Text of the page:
25. (4) John Locke, in the 6th Chapter of his Second Treatise of Civil Government, said: So that, however it may be mistaken, the end of law is not to abolish or restrain, but to preserve and enlarge freedom: for in all the states of created beings capable of laws, where there is no law, there is no freedom: for liberty is, to be free from restraint and violence from others……..”

    26. Like Vedic Aryans, the custom of Sacrificial-fire was also followed by

    (1) Romans 
    (2) Greeks
    (3) Iranians 
    (4) All the above
    Answer:
    26. (4) The practice of worshipping sacrificial fire or ‘Yajna’ was common to the Aryans, the population of Greece and Rome and the Iranians. The antiquity of the belief and reverential practice of the sacred fire were common among people of the Mediterranean, and the Iranian plateau and the peninsula of India.

    27. Who said, ‘The State exists because crime exists in society, otherwise there would be no need of a State’ ?

    (1) Herbert Spencer
    (2) J.S. Mill
    (3) John Locke
    (4) Tocqueville
    Answer:
    27. (1) Herbert Spencer in his ‘Social Statics’ (1851) argued that the state is the offspring of evil, bearing about it all the marks of its parentage. It exists because crime exists. It is not strong—or, despotic— when crime is great; there is more liberty—less government—when crime diminishes.

    28. Who speaks of Cabinet system as “the steering wheel of the ship of state” ?

    (1) Lowell 
    (2) Muir
    (3) Marriot 
    (4) Bagehot
    Answer:
    28. (2) Prof. Ramsay Muir describes the cabinet as “the steering wheel of the ship of state”. Ramsay Muir was a British historian and thinker who made a significant contribution to the development of liberal political philosophy in the 1920s and 1930s.

    29. The ‘‘Last Supper’ a famous Renaissance Painting was a master piece of

    (1) Michael Angelo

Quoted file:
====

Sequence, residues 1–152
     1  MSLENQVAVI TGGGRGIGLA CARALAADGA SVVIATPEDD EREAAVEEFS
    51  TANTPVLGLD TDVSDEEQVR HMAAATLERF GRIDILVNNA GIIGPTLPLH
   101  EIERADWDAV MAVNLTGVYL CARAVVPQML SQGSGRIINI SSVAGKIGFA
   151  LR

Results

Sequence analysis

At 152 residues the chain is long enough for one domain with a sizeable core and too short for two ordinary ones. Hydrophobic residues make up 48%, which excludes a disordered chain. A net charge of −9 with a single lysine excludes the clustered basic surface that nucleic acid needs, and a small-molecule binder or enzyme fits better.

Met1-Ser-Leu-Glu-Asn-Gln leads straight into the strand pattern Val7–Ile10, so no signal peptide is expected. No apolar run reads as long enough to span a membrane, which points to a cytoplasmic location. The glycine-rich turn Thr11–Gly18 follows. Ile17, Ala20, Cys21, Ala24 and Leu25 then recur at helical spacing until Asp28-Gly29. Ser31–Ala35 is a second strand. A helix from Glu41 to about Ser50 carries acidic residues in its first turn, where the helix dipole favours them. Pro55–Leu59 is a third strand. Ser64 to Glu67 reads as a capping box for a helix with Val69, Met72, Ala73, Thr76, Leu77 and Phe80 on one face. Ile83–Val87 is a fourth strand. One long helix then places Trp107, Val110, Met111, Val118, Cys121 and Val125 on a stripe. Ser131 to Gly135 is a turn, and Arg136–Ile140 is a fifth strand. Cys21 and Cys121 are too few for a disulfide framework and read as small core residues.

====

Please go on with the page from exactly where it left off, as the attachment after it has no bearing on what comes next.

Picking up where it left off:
(2) Titian
    (3) Leonardo da Vinci
    (4) Raphael
    Answer:
    29. (3) The Last Supper is a late 15th-century mural painting by Leonardo da Vinci. It represents the scene of The Last Supper of Jesus with his disciples, as it is told in the Gospel of John.

    30. What according to Communism is the chief enemy of the society?

    (1) Private property
    (2) Religion
    (3) Surplus value
    (4) Capitalist class
    Answer:
    30. (1) In communist ideology, private property is viewed as the main enemy and the source of capitalism. According to Marx, in a communist society private property should be abolished. Common ownership of the means of production is an important institutional goal of the communists. The Communist Manifesto states, “The theory of communists can be summed up in the single sentence: Abolition of private property. True human emancipation was impossible with private property. Ultimately the total productive forces of the community would pass into the hands of everybody.”

    31. Democracy is a “government in which everyone has a share” was the opinion of :

    (1) Jeovans 
    (2) Seeley
    (3) Plato 
    (4) Abraham Lincoln
    Answer:
    31. (2) The notion that democracy is a form of government is widely held and has been supported by a
    host of writers. According to Seeley, democracy is “a government in which everyone has a share. Seeley points towards the pure form of democracy.

    32. The development process under Capitalism has been described as “Creative Destruction” by :

    (1) Schumpeter 
    (2) Karl Marx
    (3) Hansen 
    (4) J. S. Mill
    Answer:
    32. (1) The concept of ‘Creative destruction’ in economics is associated with the Austrian American economist Joseph Schumpeter. He derived it from the work of Karl Marx and popularized it as a theory of economic innovation and the business cycle. According to Schumpeter’s theory, creative destruction will lead to the eventual failure of capitalism.

    33. When was the League of Nations established ?

    (1) In 1918 
    (2) In 1920
    (3) In 1939 
    (4) In 1914
    Answer:
    33. (2) The League of Nations was founded on 10 January 1920 as a result of the Paris Peace Conference that ended the First World War. It was the first international organisation whose principal mission was to maintain world peace. The League lasted for 26 years; the United Nations replaced it after the end of the Second World War on 20 April 1946.